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Brian Karem

The Mystery of the John. C. Brown Bridge

Photo170And who is Margaret S. Fletcher?

 

This is The John C. Brown Bridge. This bridge in Rockville is dedicated to the memory of the first Maryland man killed in the Korean war.

He died in June of 1950 and the monument dedicating the bridge in his name came on August 26, 1950.

Brown, a corporal, was killed in action and the plaque was posted on the bridge. Later the bridge was re-dedicated and the plaque was placed on a monument near the foot of the bridge, courtesy of the local VFW.

For the briefest of shallow Hitler moments

Sean Spicer with upside down flag  pinThere are gaffes and there are “Even Hitler didn’t gas his own people,” gaffes.
From “alternative facts,” to record setting inaugural numbers that didn’t occur to budget directors thumbing their nose at the poor and the Third World, the current presidential administration has been nothing if not amusing in a Machiavellian way.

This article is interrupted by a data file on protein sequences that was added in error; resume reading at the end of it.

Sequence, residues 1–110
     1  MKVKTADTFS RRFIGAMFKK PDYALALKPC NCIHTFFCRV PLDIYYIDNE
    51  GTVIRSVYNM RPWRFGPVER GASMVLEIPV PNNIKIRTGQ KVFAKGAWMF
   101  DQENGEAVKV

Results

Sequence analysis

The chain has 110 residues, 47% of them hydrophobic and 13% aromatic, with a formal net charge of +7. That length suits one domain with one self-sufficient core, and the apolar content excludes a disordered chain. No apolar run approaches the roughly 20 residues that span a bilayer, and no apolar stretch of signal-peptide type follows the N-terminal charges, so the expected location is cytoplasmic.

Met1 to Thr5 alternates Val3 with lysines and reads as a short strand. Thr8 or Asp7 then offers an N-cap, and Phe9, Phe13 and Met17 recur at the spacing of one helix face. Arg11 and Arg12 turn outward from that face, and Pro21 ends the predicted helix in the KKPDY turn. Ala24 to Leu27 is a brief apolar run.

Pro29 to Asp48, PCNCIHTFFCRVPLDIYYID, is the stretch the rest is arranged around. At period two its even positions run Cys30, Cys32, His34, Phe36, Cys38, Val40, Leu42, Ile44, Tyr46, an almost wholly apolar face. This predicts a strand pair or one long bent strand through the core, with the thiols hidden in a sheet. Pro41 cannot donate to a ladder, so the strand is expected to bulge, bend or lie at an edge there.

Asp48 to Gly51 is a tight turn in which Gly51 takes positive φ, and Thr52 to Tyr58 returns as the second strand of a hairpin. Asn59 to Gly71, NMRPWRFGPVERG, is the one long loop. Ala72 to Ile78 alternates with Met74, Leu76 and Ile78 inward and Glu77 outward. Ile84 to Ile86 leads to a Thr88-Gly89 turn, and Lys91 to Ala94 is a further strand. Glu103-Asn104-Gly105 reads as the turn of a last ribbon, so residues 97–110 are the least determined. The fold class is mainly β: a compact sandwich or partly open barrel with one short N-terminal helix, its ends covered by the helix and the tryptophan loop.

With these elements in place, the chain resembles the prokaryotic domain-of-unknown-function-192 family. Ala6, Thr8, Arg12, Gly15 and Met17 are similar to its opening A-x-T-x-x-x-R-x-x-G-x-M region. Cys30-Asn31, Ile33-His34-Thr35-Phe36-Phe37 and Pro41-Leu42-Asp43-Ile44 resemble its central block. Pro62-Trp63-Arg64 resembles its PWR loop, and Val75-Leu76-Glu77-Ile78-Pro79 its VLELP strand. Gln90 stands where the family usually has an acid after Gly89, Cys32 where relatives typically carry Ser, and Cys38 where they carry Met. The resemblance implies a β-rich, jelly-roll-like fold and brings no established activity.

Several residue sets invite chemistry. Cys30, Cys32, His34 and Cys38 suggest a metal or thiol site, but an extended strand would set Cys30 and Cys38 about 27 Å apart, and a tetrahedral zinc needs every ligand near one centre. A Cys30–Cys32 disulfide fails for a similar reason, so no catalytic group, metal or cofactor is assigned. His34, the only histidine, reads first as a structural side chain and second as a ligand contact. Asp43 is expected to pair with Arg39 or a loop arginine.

But Tuesday Sean Spicer found the “Hitler didn’t gas his own people,” moment.
Kind of like when Fonzie jumped the shark tank.

It isn't a case of 'All hat and no cattle'!

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Updated 3/27

So, what comes next in healthcare?
After Friday’s flame out in Congress of an attempt to repeal and replace the Affordable Healthcare Act, even the staunchest defenders of the current system admit it needs to be repaired.
Paul Ryan, meanwhile, proved his ability to coordinate his caucus resembled a wrangler trying to herd spastic cats and the president proved while he has a bully pulpit Steve Bannon is no bully from the pulpit.
For many, the bombast before the healthcare vote was simply a matter of the president being all hat and no cattle.

Don't do that in my ear and tell me it's raining!